In the midst of this, on Wednesday I found myself stuck in the junior library waiting for my daughter to finish ballet because the finish time had arbitrarily changed that day, which was kind of annoying because I had torn through early peak hour traffic to get there on time because she was unwell.
I sat on the tiny little plastic chair and picked up a book from the nearest shelf.
The Secret Garden.
Given to the school by Judith Bruns, in 1990. That was a coincidence as Miss Bruns, with her horizontal shelf bosum, was my Year 7 teacher. A confirmed spinster, with very few people skills but a wonderfully kind heart.
I read the first chapter while I was waiting. You remember, it begins with the description of Mary Lennox as yellow skinned and pinch faced, and selfish and egotistical.
It is a traumatic start to a children's book: a cholera epidemic breaks out in India, where Mary is living, her parents die, and those servants who are not struck down flee the house. Mary is forgotten and left abandoned for days on end. She wanders the house in a dreamlike state, encounters snakes and drinks a left over glass of wine as she is so thirsty and falls down and sleeps again.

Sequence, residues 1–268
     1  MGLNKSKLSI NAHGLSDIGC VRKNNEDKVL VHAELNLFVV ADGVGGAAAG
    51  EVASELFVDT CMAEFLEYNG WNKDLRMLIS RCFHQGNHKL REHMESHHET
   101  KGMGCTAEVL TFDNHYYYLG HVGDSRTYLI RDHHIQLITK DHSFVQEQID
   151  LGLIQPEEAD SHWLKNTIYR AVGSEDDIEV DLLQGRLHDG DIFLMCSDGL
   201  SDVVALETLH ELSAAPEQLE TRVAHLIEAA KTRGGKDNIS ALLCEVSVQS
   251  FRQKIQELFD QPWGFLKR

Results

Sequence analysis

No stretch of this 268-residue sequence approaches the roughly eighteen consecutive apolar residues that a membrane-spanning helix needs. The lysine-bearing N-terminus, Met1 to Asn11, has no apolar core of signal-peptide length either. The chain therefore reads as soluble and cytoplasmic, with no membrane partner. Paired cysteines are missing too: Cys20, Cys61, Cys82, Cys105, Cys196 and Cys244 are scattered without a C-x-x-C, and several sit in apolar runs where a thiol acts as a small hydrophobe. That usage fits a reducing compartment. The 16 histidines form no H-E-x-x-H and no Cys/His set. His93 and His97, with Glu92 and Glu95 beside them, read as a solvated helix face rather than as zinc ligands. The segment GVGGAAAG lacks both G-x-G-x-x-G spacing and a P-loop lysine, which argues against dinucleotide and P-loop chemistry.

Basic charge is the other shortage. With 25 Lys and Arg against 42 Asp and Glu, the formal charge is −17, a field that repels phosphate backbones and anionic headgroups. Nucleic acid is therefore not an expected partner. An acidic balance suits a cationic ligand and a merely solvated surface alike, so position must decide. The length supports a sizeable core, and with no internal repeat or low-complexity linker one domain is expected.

Once discovered she is sent to live with an English clergyman, and then ultimately to Yorkshire to her uncle's windswept stony abode. And we all know what happened then.
This chapter transported me, just for that five minutes. To a world of little girls who are not loved enough, and a different era where life was cheap, short and hard. I read this book many times as a child and that horrendous first chapter had completely escaped my memory in place of the happy secret garden activities in the end of the book. Isn't it funny what your memory retains?
Reading this, trivial little things like waiting for my sparkly pink ballerina girl, and peak hour traffic, and challenges at work melted away. We are all fortunate, and largely blessed.
(Images (1) EachLittleWorld.com (2) not sure sorry (3) Flickriver.com)